Sprint sensation Ato Boldon signs Ashamaree Squires sling as her classmates from Siparia Senior Comprehensive School look on. The students were at Iere High School to participate in the Guardian in Education Making a Difference project tour on Wednesday.
Photo: Tony Howell
By Leah Mathura-Dookhoo
Sporting medals around their necks and armed with their autograph books and notepads, Iere High School and Siparia Senior Comprehensive School students were on Wednesday told they needed to create history, rather than rewrite it.
The students, who had been preparing for the arrival of sprint sensation Ato Boldon a week in advance, were overcome with joy when he entered the school auditorium and were left in awe during his presentation.
Boldon is part of the Guardian in Education Making a Difference project, which has been taking the former Olympic star, champion cyclist and painter Michael Phillips and 1998 Miss Universe Wendy Fitzwilliam to schools throughout the country.
West Indies record-breaking batsman Brian Lara and Olympic bronze medallist George Bovell III will soon join the other three national celebrities to help motivate students across the country by sharing their life experiences, values and strategies to success.
Explaining that there were avenues to take to be successful in life, Boldon told the student body they needed to seriously research whatever path they wanted to take.
In his career, he said, even major setbacks helped him find a road to success.
When faced with a decision to represent this country or the United States at the Olympics, Boldon told the students, the answer was an easy one.
I thought about it, then I realised that this country needed a medallist.
If I had joined the US team, then I would have been their 400th gold medallist, but I wanted to represent T&T.
Boldon also spoke of setting goals.
Look at things that have never been done before and do them. No one here has ever won an Oscar, so go ahead and try, he said.
People will laugh at you and you may not get the support from your family, but do it anyway.
Describing todays generation as the MTV crowd, Boldon told the 600-plus students that they had to pay their dues in life before smelling sweet success like the participants on MTV Cribs.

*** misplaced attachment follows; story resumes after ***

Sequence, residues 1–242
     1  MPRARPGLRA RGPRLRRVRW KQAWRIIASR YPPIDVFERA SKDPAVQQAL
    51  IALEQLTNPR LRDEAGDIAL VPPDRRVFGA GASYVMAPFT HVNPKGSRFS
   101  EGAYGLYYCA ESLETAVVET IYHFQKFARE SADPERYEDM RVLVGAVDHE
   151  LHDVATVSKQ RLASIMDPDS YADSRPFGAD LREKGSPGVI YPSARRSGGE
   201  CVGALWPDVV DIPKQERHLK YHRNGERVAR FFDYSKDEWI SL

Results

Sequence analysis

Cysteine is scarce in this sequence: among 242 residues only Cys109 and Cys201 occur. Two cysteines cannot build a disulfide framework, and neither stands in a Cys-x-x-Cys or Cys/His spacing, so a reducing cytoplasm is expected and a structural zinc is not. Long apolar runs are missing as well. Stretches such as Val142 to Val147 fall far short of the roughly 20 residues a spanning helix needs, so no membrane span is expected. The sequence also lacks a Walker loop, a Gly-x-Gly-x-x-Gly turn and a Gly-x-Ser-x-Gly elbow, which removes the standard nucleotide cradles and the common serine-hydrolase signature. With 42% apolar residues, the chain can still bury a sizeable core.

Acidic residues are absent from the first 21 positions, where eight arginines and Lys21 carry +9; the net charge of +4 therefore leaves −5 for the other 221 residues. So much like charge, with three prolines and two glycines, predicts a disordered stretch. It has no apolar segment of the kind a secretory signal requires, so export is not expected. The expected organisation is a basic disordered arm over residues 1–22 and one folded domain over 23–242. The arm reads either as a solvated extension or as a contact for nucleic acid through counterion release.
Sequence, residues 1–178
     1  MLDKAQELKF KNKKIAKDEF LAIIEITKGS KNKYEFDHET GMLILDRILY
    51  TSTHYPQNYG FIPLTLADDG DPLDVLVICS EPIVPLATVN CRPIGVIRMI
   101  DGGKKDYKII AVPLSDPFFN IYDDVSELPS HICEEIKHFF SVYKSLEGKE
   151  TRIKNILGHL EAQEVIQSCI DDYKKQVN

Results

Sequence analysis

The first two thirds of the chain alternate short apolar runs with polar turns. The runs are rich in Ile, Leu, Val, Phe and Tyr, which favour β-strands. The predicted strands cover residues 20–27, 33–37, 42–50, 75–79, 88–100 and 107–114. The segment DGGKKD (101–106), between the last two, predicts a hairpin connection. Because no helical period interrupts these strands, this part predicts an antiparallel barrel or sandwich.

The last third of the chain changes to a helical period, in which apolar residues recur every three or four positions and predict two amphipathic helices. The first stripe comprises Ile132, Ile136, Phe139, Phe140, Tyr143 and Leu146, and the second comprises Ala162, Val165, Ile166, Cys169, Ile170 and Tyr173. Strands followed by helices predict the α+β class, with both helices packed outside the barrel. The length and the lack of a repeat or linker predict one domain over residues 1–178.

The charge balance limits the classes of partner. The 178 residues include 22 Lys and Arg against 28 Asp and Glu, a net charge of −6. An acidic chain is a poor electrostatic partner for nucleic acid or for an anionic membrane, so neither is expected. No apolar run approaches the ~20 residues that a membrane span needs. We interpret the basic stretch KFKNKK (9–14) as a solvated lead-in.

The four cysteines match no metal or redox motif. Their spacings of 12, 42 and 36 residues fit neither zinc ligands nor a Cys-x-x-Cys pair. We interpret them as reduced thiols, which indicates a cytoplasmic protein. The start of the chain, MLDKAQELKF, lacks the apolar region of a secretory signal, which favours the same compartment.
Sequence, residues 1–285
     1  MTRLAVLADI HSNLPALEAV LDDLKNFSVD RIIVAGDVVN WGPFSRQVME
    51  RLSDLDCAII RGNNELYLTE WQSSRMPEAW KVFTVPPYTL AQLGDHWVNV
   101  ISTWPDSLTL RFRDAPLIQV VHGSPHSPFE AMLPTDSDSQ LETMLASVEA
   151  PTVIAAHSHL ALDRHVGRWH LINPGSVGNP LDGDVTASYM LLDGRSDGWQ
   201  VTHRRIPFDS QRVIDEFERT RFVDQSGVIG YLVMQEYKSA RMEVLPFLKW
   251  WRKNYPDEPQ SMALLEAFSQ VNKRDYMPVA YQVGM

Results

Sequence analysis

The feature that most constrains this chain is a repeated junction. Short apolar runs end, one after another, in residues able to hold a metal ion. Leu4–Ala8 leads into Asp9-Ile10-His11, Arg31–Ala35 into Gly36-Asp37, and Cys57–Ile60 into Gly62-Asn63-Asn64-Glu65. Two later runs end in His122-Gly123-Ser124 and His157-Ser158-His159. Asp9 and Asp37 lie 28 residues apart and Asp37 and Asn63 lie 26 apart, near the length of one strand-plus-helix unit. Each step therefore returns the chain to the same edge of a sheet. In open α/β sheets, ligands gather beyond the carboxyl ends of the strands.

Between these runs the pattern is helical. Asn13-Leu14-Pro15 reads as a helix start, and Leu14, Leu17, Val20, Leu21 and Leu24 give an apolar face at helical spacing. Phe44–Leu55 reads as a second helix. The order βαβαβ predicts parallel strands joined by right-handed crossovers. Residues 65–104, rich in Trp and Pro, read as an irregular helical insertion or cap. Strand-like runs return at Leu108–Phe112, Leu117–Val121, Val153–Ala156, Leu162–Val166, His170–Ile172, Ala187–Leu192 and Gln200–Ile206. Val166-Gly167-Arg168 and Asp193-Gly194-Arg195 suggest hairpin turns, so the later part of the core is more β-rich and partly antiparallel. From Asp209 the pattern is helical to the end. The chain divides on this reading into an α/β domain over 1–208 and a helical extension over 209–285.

That is what they call instant gratification. Young people want everything now and some are not willing to work for it, Boldon said.
You must ask yourself if you are willing to pay the price for success. When you are filled with enthusiasm, the road may be straight at first, but then it becomes twisted and sometimes you give up. Thats the time you need to keep going, regardless of what people say about you.
Admitting he was aware of a few athletes who used performance-enhancing drugs, Boldon said at the top of his career he was scared to death to go that way.
Your reputation is all youve got. If I had taken any kind of drugs, by the time I reached to Trinidad I might have been stoned on the Brian Lara Promenade. I did not want to shame my country.
Boldon, who repeatedly congratulated the students for being well behaved, said the busy town of Siparia meant a lot to him, since it had produced 400 metre Olympic star Ian Morris.
When I was young and winning all my games and on top of the world, Ian Morris was there to guide me, he said.
Even when I lost, he was still there to show me the ins and outs of the track and field world.
Before his arrival, first and second form students of Iere High were told by principal Michael Dowlath that they could not attend the presentation, since they had to make room for visiting students from a neighbouring school.
But, with determination and a bit of persuasion, more chairs were added to the auditorium to accommodate them.
Students were told by their English teachers to submit an essay by the end of the week on Boldons presentation.
Students who submit essays as part of the Trinidad Publishing Cos Guardian in Education project on the motivational talks have a chance to win prizes for themselves and their schools.